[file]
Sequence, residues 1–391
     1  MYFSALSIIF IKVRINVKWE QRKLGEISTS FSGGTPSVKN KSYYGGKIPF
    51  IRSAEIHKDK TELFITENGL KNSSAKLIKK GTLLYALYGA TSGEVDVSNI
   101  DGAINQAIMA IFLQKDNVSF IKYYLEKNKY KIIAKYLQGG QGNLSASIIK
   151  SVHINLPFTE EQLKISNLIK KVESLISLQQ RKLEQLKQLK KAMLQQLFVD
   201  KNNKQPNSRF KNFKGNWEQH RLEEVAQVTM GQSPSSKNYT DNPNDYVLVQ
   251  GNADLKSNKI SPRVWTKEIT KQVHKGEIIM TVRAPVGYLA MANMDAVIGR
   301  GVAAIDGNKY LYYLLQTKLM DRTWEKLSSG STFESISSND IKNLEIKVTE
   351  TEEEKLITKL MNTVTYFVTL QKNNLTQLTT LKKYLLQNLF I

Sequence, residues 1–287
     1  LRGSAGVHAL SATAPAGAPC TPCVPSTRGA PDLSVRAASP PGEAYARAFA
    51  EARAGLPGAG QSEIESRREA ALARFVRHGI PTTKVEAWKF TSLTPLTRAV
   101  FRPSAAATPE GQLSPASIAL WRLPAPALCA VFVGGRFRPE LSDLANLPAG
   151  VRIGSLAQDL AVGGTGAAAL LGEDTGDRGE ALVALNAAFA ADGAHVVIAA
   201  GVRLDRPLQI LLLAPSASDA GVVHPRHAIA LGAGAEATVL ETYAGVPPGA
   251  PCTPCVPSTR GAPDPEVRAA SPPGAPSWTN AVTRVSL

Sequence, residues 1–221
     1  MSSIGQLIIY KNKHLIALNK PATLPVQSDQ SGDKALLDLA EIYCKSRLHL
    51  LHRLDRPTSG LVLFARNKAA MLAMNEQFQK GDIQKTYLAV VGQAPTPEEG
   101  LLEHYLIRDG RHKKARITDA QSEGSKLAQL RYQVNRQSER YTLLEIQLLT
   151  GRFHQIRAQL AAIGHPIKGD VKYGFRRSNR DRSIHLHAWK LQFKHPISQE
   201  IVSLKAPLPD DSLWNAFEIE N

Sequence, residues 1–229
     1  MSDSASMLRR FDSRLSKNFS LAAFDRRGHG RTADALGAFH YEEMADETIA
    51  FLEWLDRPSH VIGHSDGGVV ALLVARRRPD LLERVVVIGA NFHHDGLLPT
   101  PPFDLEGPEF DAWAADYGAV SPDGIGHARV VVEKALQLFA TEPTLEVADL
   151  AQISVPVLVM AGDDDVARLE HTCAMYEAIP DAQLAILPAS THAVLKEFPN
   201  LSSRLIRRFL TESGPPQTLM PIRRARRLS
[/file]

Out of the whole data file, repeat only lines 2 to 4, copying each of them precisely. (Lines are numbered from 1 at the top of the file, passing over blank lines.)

     1  MYFSALSIIF IKVRINVKWE QRKLGEISTS FSGGTPSVKN KSYYGGKIPF
    51  IRSAEIHKDK TELFITENGL KNSSAKLIKK GTLLYALYGA TSGEVDVSNI
   101  DGAINQAIMA IFLQKDNVSF IKYYLEKNKY KIIAKYLQGG QGNLSASIIK